How enterprise networks can take advantage of Wi-Fi calling

Any organization faced with cellular coverage problems should take a look at this alternative technology.

How enterprise networks can take advantage of Wi-Fi calling
Credit: Thinkstock

It's been 18 months since Apple announced its Wi-Fi calling feature in iOS 8, a good time to take stock. While the rollout has been a bit slower than anticipated, all the major operators now support Wi-Fi calling. The technology promises to transform the way enterprises support cellular devices.

Wi-Fi calling is a standard protocol that takes a cellular voice stream (and SMS texts) and encapsulates it for transmission over a Wi-Fi-to-Internet connection. It's tied to the cellular operator: the Internet connection terminates on a gateway to the operator's network, allowing the call to switch between cellular and Wi-Fi at will, under control of the network.

When the cellular connection is LTE, the architecture is very clean, as the voice-over-LTE and Wi-Fi links both use IP packets. All that is required is for the phone to switch the IP packets between the two interfaces, and the gateway in the operator's network to mirror this function. Some operators use Wi-Fi calling over non-LTE connections, but it's more difficult to switch the connection seamlessly between Wi-Fi and 3G because the cellular side is not IP-based.

When it works well – and like any new technology, there are users who love it and others whose experience is not so good – the phone and network decide which medium to utilize without disrupting the user. All calls, incoming and outgoing, are to and from the user's cellular phone number, and call-switching should be seamless.

How did Wi-Fi calling get to (mostly) universal support?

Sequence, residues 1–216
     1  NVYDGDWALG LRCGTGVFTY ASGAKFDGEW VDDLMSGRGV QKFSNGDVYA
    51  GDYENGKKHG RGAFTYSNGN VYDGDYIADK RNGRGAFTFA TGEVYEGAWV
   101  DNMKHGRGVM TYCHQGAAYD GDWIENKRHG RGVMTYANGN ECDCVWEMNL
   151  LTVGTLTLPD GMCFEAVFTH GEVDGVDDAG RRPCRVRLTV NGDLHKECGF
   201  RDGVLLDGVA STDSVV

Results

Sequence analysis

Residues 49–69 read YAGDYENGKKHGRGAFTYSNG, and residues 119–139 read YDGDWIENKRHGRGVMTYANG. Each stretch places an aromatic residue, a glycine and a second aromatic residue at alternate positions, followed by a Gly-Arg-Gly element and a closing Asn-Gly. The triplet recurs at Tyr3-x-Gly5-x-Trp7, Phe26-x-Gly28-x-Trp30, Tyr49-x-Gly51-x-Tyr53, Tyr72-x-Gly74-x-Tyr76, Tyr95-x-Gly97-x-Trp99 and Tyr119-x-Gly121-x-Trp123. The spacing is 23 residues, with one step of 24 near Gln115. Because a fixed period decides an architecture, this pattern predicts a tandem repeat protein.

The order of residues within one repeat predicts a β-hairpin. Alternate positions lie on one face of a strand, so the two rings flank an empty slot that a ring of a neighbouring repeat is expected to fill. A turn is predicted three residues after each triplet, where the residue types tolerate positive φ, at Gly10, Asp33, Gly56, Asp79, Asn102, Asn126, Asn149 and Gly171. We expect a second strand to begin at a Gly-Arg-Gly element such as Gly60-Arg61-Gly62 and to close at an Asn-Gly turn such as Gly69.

Similar technologies have been around for years – UMA (Unlicensed Mobile Access) deployments started around 2007 – but three recent developments have changed the Wi-Fi calling game. On the cellular side, LTE (with voice-over-LTE) is a pure-IP architecture, making the translation between Wi-Fi and cellular encapsulation much easier. And while it's not yet affecting their revenue, mobile operators see the rise of over-the-top voice services, whether Republic Wireless and Google Fi with Wi-Fi-first strategies or Skype and WhatsApp alternatives, as a significant threat to their traditional voice business. But perhaps most importantly, Apple brought the technology to iOS 8 in mid-2014, creating a new wave of user demand that the cellular operators could not resist. 

In early 2014, T-Mobile was the only operator with Wi-Fi capable voice, and a limited range of Android-only smartphones. The technology had some enthusiastic users, but with limited device and carrier support it was destined to remain a niche application. By the end of 2014 we saw Wi-Fi calling support extend to the iPhone, voice-over-LTE rolling out over cellular networks, and significant market demand from users… but while many operators expressed intentions to roll out the feature, their support remained limited.

It took a while, but Sprint, AT&T, and now Verizon have joined T-Mobile, and as of early 2016 all major operators in the U.S. support Wi-Fi calling.